On Thursday afternoon, the Supreme Court ruled against COVID-19 mandates in a 6-3 vote, with all three Trump-appointed judges—who landed their roles thanks to a filibuster carve-out—voting that OSHA doesn’t have the authority to regulate vaccinations by companies. Except for doctors and hospitals. Because judges don’t have to go into the office, but they do have to go to the doctor.
The ruling is based around some blandly twisted reasoning, but it’s down on Page 6 of the decision that the worst aspect of this ruling is revealed. And it’s a doozy.
“The Solicitor General does not dispute that OSHA is limited to regulating ‘work-related dangers.’ She instead argues that the risk of contracting COVID–19 qualifies as such a danger. We cannot agree. Although COVID–19 is a risk that occurs in many workplaces, it is not an occupational hazard in most. COVID–19 can and does spread at home, in schools, during sporting events, and everywhere else that people gather.”
In this ruling, the Supreme Court is explicitly saying that COVID-19 isn’t an “occupational hazard” because it can also occur outside the workplace. Which provides every employer, every conservative organization, and every Republican attorney general the perfect opening to destroy safety regulations across the board.
COVID-19 obviously is a danger that affects people “at home, in schools, during sporting events, and everywhere else that people gather.” But that doesn’t mean that it’s not also a workplace hazard. Someone might take the greatest possible caution in their daily life, but if their workplace forces them to be in a position where they have to spend an extended period of time in the company of a large number of people—whether that’s as a waitress in a restaurant or a steward on a plane—the threat posed by their workplace environment can overwhelm all the precautions they’ve taken at home.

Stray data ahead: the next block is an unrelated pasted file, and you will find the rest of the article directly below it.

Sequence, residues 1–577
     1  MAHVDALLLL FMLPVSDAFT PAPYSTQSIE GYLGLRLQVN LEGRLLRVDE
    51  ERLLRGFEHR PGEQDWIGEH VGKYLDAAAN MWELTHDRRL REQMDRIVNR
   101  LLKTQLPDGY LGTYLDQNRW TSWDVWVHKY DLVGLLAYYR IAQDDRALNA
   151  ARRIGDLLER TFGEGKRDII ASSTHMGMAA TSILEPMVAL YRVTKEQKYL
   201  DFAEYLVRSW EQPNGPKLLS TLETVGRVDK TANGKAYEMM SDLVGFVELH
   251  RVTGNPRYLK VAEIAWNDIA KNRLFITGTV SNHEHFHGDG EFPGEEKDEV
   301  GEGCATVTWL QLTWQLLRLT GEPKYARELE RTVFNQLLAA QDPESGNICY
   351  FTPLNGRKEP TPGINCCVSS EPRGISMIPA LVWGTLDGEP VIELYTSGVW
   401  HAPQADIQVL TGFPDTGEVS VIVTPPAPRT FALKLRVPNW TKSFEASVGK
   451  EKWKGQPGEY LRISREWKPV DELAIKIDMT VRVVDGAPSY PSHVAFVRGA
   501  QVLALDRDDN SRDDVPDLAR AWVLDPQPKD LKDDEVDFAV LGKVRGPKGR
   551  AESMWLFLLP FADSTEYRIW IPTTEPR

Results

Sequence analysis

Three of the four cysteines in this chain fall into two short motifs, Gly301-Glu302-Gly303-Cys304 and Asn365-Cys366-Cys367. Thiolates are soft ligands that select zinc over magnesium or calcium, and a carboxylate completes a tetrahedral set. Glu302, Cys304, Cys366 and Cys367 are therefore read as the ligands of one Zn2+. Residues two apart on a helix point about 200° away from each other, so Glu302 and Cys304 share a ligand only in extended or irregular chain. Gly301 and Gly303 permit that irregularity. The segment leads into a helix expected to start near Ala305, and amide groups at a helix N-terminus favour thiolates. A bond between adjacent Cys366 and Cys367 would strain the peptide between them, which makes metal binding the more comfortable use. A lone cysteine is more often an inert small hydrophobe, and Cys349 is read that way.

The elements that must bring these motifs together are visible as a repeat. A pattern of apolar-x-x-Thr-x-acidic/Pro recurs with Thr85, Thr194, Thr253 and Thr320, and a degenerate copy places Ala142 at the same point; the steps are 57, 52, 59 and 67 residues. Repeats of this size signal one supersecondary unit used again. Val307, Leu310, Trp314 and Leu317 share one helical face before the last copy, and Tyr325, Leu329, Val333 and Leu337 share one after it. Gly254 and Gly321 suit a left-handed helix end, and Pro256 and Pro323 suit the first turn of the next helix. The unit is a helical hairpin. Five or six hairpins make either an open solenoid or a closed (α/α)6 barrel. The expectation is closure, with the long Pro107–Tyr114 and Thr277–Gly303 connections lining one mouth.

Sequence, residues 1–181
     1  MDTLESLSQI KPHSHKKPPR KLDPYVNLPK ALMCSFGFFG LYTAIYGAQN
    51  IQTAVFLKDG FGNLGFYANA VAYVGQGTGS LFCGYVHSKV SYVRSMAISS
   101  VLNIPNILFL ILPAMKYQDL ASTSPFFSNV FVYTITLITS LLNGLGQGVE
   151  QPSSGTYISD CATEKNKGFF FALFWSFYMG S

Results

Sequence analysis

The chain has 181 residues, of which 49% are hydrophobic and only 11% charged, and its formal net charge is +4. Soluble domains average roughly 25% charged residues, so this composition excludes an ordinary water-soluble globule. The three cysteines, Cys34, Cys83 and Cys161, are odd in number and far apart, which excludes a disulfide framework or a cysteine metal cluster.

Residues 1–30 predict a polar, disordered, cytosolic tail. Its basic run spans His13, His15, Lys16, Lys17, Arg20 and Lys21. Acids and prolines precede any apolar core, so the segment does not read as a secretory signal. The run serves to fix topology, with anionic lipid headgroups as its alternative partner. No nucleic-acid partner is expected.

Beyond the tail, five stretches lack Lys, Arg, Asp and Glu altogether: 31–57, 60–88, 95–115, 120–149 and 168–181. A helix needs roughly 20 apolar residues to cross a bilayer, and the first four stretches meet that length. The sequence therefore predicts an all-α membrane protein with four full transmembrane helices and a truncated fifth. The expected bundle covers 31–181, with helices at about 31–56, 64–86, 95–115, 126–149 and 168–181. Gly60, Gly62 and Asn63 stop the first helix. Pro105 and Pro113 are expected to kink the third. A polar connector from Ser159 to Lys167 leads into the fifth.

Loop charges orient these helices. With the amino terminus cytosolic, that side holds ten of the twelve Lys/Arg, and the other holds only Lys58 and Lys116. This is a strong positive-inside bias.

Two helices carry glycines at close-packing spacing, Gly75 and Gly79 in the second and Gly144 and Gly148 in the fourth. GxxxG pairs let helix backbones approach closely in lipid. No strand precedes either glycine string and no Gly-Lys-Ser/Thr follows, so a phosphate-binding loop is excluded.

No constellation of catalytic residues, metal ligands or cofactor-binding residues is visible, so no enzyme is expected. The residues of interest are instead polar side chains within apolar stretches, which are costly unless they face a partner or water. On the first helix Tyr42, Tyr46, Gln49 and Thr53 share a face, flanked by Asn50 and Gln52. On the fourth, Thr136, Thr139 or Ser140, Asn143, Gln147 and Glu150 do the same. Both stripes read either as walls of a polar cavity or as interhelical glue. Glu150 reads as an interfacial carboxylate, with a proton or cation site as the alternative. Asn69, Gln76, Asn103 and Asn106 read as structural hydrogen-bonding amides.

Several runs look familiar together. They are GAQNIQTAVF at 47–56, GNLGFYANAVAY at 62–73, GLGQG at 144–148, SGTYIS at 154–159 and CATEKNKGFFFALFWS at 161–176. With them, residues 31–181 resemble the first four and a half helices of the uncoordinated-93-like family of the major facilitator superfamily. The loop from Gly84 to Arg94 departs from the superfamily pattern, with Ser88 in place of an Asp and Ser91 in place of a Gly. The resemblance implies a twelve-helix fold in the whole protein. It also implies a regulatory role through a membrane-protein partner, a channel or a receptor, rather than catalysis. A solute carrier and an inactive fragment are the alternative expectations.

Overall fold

The test the Supreme Court appears to be setting up with this ruling is that, in order to be regulated under the authority of OSHA, a hazard must be a threat that takes place in the workplace, but also one unique to the work environment. For example, workplaces might still be required to regulate the operation of heavy equipment, but passenger trucks … hey, people have them at home, at sporting events, etc.
Lifting of heavy objects? That’s certainly something that people do away from the workplace. So is the use of power tools. Exposure to loud noises is something that happens in everyday life.
To underscore that this farcically awful construction was not accidental takes no more than dropping down to the next sentences.
“That kind of universal risk is no different from the day-to-day dangers that all face from crime, air pollution, or any number of communicable diseases. Permitting OSHA to regulate the hazards of daily life—simply because most Americans have jobs and face those same risks while on the clock—would significantly expand OSHA’s regulatory authority without clear congressional authorization.”
What the ruling is spelling out here is an explicit gutting of OSHA’s authority to regulate safety in the work environment. It’s a ruling that will be will become a touchstone for anyone seeking to bypass safety requirements big and small. It’s a get-out-of-jail-free card for placing workers at risk, one that essentially eliminates authority to oversee worker health and safety.
Republicans went fishing for a ruling against President Biden’s vaccine mandate that they could bring home, mount over the fireplace, and brag about next November. What they landed was a whale that will provide endless gifts to their corporate supporters—and endless misery for the average worker.